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Handling Chronic Pain

This is likely to be a sleeper issue - one that will simmer for a long time, without hitting the headlines.

The issue of opiate abuse is, of course, a perennial favorite for the media, legislatures, and various advocates (for the addicted, for law & order, for morality police, etc.). That abuse usually centers on those individuals whose addiction makes them incapable of employment, care of minor children, or full participation in American Life.

Elder addiction?

Eh, not so important.

But, in fact, many of the elderly do become addicted to various painkillers, not just for diseases such as cancer, but also for back pain, joint pain, and other ills that disproportionately affect older Americans.

I generally try to avoid medicated pain relief. I do so not just because of the possibility of addiction, but also because of the high risk of liver damage - even for such meds as Ibuprofen, Aspirin, and Tylenol.

One med that I've been using on a daily basis is Mobic, or Melexicam. It's for the joint issues I have - meniscus damage, arthritis in toe, knee, and hip. With it, I function with very little impairment. Without it, I am in pain, and my mobility is severely limited.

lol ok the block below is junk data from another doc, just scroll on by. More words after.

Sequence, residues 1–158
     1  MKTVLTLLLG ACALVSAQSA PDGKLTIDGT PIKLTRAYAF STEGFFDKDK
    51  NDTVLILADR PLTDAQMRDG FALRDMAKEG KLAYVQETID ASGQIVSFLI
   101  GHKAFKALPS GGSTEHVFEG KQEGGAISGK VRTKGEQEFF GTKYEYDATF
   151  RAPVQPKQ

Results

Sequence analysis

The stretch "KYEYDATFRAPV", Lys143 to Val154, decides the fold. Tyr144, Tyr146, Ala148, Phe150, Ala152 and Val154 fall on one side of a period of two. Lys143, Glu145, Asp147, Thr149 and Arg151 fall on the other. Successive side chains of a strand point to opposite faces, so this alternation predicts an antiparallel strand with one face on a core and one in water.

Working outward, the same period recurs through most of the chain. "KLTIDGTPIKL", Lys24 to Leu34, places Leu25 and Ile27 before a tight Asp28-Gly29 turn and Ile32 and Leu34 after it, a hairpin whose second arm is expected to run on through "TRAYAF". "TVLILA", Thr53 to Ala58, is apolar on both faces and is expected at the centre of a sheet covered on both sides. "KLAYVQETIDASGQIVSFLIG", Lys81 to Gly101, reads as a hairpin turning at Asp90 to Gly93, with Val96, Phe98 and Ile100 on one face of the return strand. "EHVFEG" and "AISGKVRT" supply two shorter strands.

On occasion, more is needed. In small doses, for a a short time, I have used Naproxen. If more is needed, that's when I turn to my TENS unit.

TENS units are designed to provide electrical stimulation to aching areas, and, by doing so, interrupt the pain signals that are over-active. These units can range from the one that Shaq promotes in TV ads - Smart Relief.

These units are relatively small, and deliver a mild stimulation - not enough for serious pain. What you might want to do is use them to test out whether the method of pain relief works for you before committing to a more expensive unit. Cost is about $30, depending where you buy it.

The one I use is the Hidow AcuXPD-S - cost ranges from $250-500. Believe me, it's worth it. Today, I woke up with an aching shoulder. I put on the unit, and I am good to go.


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